Dune planting Thornton beach
Kawerau juniors spent the day dune planting at Thornton beach as they assisted Ben Banks plant over 200 native plants amongst the sand dunes.
The project is part of partnership between Coastal care and Indigenous Sparks as the latter fosters opportunity to empower youth in helping to manage our coastal erosion problem.
Students began their effort at the foredune, planting Spinifex sericeus - "Kowhangatara". This is a native foresand dune stabilising plant with hairy silver grey leaves, that grows into long rhizomes that trap the sand. Spinifex are known to be strictly coastal where they are confined to sandy beaches. They are usually found at the front of actively accumulating foredunes. They do not tolerate stable dune systems and do not compete well with other introduced dune plants.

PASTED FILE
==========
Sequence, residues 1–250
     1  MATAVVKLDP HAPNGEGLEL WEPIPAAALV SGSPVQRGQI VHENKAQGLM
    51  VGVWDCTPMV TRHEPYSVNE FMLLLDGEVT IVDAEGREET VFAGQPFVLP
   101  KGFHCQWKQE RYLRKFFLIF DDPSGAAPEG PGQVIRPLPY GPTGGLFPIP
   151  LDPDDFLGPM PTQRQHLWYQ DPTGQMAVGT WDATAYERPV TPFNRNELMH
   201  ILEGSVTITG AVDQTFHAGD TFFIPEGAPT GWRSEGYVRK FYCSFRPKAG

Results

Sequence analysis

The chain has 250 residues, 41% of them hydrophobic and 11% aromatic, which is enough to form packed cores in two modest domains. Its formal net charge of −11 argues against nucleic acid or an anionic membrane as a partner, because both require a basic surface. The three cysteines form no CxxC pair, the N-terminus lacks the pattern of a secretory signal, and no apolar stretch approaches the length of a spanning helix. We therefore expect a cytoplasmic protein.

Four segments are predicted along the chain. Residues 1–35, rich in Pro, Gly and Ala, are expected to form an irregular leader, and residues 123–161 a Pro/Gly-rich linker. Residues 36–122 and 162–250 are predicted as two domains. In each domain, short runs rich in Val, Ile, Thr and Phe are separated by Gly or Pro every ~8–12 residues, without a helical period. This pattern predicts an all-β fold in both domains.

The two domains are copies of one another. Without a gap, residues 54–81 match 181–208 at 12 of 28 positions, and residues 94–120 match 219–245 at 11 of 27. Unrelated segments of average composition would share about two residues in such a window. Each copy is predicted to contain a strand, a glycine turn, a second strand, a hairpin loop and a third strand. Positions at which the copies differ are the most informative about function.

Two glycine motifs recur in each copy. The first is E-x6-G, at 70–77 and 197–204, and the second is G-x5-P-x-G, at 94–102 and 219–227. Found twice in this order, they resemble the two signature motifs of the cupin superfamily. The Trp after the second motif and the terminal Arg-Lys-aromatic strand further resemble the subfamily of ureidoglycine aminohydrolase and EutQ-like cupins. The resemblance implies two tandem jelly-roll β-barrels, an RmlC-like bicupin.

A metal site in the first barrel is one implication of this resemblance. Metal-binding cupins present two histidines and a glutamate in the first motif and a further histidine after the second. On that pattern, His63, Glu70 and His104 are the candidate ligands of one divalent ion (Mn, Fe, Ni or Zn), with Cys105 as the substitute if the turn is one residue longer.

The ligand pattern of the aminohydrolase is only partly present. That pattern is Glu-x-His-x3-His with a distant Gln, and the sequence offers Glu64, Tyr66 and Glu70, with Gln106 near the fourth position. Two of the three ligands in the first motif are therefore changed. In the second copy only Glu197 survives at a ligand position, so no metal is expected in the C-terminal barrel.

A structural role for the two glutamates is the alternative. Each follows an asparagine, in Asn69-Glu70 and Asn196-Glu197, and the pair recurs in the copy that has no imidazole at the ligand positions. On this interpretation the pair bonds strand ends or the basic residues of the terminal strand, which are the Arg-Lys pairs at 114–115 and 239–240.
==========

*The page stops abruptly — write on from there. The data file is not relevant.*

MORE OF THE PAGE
The students worked hard to plant our foredunes, making their whanau and teachers proud of their achievements. The group also used the opportunity to identify and categorise the variety of shells, snails, limpets found on the beach
Coast Care is a coastal restoration programme, run in close partnership with local communities, care groups and schools, that aims to restore and protect the sand dunes along our Bay of Plenty beaches.